In Chapter 22, we finally meet Jonathan Strange for real. It’s a great ending to Volume One of the book, and by the end of the chapter we’ve met all of the most important characters and all the pieces are moved into place for the rest of the story. 260 pages is a very long first part, and I have a feeling that some readers may dislike the lack of action so far, but this is definitely where it starts to get really, really good.
After his father’s death, Jonathan Strange proves himself to be quite a different sort of man than Laurence Strange. However, while free of his father’s vices, Jonathan isn’t particularly virtuous, either. Rather, he’s only a decent sort of man, well-liked by fashionable people, but without any strikingly good traits. Red-haired and long-nosed, Jonathan isn’t even particularly handsome, although he is tall and fit. The author describes him as having a face with “an ironic expression,” which I love, as it’s a description that is very indicative of Jonathan Strange’s personality.
Arabella is the woman that Jonathan wants to marry, having only been prevented from doing so thus far by his father’s disapproval of Arabella’s relative poverty. With his father out of the way, Jonathan hopes to soon wed. The problem now, of course, is that Arabella disapproves of Jonathan’s idle lifestyle, and although he has spent the last year fully intending to pick up one profession or another, he hasn’t quite gotten to the point just yet. Even so, with his father’s death, Jonathan intends to propose immediately (reasoning that Arabella “would never be more full of anxious tenderness than she was at this moment and he would never be richer”) so he rides to meet Arabella at the home of some of her friends in Gloucestershire.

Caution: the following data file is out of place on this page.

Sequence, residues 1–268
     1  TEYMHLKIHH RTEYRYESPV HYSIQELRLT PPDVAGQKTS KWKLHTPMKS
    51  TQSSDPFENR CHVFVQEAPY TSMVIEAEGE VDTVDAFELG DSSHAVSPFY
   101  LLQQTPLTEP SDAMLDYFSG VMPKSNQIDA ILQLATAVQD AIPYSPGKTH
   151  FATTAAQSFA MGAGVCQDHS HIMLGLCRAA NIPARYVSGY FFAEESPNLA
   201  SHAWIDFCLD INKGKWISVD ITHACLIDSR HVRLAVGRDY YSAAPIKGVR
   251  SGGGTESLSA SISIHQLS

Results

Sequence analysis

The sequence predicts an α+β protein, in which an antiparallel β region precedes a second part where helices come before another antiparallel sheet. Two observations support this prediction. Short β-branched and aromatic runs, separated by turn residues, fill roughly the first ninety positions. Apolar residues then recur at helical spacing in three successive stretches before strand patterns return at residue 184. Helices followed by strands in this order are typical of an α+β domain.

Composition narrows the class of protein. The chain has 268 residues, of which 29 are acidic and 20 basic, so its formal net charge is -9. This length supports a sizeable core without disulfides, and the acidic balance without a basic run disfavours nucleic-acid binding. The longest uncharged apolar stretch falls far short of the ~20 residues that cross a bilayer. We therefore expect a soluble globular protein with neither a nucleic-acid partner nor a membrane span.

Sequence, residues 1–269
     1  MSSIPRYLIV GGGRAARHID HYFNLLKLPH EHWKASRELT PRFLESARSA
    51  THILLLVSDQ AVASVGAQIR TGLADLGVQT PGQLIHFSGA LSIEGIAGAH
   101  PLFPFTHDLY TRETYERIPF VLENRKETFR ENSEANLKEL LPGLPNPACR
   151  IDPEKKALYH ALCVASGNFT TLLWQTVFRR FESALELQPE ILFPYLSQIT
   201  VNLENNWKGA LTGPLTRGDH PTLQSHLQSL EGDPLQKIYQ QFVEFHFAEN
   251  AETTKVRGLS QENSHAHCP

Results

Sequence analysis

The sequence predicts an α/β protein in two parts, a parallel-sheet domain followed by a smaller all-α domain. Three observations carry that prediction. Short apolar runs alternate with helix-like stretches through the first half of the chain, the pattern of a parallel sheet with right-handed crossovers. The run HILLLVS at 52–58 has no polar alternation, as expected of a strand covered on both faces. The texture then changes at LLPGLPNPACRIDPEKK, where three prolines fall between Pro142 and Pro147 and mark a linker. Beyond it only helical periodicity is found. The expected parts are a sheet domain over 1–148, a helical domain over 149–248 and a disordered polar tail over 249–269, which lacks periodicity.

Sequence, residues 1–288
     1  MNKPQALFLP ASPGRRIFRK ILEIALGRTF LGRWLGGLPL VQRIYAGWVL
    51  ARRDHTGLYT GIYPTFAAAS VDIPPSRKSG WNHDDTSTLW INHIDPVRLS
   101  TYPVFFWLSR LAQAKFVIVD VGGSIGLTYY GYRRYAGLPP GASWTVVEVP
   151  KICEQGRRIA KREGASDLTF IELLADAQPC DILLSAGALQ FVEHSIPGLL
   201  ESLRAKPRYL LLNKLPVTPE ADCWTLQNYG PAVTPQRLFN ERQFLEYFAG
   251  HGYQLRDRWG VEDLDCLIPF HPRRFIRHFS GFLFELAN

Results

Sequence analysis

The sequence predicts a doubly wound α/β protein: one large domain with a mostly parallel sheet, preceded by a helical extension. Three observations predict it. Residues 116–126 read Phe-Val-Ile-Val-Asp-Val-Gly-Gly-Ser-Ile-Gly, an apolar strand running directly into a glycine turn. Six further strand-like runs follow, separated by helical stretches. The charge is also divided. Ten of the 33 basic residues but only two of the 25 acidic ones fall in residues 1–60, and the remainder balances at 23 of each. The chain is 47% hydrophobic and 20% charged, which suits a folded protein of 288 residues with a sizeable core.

The Man Under the Hedge
On his way to propose, Jonathan comes to an empty town. When he finds the townspeople, they are all in a furor over a passing vagabond who has been bothering the village for several days and whom they plan to send on his way. When the man extracts himself from the thorn bushes he’s been sleeping under, he introduces himself as Vinculus.
Vinculus immediately recognizes Jonathan Strange as the second magician of his prophecy, which he recites again now. Jonathan is unimpressed by such dreary pronouncements, and is ready to ride off when Vinculus stops him. Vinculus pulls out the spells that Norrell had written down for Childermass to use against the street magician, and offers to sell them to Jonathan, who pays for them, if only to stop Vinculus from talking to him any longer.
The Spirit of a Banker
When Jonathan Strange finally arrives at the home of Arabella’s friends, the Redmonds, he isn’t prepared to answer Mrs. Redmond’s questions about what he intends to do now that his father is gone. Finally, he declares his intention to study magic and produces the spells that he bought from Vinculus. Only one of the spells seems practical to do, “A Spell to Discover What My Enemy is Doing Presently,” but Jonathan manages easily to perform it. They are all disappointed, however, to see only a man fitting Mr. Norrell’s description and just sitting in his library working at a desk.
“If I am a magician, I am a very indifferent one. Other adepts summon up fairy-spirits and long-dead kings. I appear to have conjured the spirit of a banker!” says Jonathan Strange, laughing, at the close of the chapter.